Judge Says Airport Can't be Sued for Comair Crash

LEXINGTON, Ky. (AP) - A judge on Thursday ruled Blue Grass
Airport can't be sued for last summer's deadly Comair plane crash,
dealing a major blow to the airline's efforts to divide blame and
potentially millions of dollars in damages.
After nearly two hours of arguments in Fayette County Circuit
Court, Judge James Ishmael declared the airport couldn't be held
legally responsible because it enjoys "sovereign immunity" as a
component of the merged Lexington-Fayette County government.
Kentucky's Constitution provides that while cities can be sued,
counties can't without a waiver from the General Assembly, and that
step hasn't been taken in the Comair case.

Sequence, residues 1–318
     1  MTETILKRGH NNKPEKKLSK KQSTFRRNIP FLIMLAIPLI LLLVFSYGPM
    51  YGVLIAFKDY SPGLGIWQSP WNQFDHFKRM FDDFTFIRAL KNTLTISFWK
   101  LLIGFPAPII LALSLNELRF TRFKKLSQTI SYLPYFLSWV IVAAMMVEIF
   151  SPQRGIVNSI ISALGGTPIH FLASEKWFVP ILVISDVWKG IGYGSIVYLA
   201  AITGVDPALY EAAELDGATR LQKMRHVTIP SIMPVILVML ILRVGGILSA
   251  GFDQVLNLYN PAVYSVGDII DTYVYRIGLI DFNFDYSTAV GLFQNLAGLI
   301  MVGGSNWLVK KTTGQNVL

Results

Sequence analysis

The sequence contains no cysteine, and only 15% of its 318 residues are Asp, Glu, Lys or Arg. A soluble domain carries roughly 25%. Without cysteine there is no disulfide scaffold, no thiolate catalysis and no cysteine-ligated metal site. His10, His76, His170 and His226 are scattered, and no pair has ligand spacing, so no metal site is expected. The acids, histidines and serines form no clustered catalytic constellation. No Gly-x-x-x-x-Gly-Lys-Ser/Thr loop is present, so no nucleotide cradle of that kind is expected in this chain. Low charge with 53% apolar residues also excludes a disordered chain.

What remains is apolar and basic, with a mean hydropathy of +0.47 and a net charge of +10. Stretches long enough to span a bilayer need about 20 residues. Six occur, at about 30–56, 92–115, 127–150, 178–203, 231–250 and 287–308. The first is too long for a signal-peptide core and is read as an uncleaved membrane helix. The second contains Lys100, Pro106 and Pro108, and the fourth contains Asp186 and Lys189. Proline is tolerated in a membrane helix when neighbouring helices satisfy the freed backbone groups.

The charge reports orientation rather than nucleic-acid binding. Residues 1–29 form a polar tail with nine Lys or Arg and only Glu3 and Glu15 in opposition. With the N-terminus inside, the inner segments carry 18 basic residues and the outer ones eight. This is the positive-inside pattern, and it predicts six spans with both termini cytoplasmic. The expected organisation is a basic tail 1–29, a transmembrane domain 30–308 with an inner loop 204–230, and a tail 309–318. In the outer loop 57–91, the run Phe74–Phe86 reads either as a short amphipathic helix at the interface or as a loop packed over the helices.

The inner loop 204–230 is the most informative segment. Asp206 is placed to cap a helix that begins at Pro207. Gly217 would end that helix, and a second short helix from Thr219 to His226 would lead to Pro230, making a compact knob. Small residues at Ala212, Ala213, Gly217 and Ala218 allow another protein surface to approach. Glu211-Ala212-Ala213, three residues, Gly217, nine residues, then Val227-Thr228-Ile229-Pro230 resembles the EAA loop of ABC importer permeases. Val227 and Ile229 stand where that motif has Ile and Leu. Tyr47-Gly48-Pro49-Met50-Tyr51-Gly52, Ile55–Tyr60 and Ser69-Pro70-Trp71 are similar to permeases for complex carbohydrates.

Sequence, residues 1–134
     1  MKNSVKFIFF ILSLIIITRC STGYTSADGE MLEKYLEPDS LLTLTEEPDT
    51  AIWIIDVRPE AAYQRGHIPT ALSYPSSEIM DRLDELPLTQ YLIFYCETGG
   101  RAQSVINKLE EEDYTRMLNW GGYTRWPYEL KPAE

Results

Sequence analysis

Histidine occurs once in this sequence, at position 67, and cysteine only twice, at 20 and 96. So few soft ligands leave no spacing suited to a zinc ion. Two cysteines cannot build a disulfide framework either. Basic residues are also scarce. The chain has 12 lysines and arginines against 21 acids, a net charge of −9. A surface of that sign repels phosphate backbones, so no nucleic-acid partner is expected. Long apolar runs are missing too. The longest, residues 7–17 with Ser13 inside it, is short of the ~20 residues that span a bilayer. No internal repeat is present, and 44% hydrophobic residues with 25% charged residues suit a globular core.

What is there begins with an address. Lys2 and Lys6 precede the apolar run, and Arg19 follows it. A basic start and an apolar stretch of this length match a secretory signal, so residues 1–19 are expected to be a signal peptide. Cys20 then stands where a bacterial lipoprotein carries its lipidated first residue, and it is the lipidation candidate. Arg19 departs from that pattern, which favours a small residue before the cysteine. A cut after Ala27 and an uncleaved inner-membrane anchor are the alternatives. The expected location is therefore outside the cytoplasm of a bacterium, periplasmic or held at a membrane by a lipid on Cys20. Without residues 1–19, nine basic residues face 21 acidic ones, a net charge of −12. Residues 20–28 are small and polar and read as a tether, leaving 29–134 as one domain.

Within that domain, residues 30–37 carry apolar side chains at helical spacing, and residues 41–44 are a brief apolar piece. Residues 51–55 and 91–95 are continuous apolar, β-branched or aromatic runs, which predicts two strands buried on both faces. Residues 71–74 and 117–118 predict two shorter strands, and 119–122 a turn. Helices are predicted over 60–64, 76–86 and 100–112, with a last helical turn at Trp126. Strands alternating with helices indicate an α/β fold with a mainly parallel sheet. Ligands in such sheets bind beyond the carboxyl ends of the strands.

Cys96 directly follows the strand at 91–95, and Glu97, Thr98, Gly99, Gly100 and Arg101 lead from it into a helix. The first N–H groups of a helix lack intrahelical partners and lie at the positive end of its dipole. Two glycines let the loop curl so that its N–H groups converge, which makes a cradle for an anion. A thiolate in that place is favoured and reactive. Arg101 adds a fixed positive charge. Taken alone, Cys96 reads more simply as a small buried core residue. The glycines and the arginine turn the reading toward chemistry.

Comair is the primary defendant in numerous liability lawsuits
filed on behalf of the 49 crash victims. However, the airline
countersued the airport arguing they are also partially to blame
because of poor runway signs and markings that might have
contributed to the flight trying to depart from a too-short runway.
Still pending is Comair's case against the airport's control
tower, run by the Federal Aviation Administration. That case could
be even tougher because of the difficulty in suing the federal
government.
On Thursday, Comair's attorney Ed Stopher tried to make the case
that despite its ties to the county, Blue Grass Airport operates
independently and gets virtually no government money beyond a
$200,000 grant. The airport also purchased a $150 million insurance
policy, he pointed out, arguing that was an unwise investment for
an entity that truly believed it couldn't be sued.


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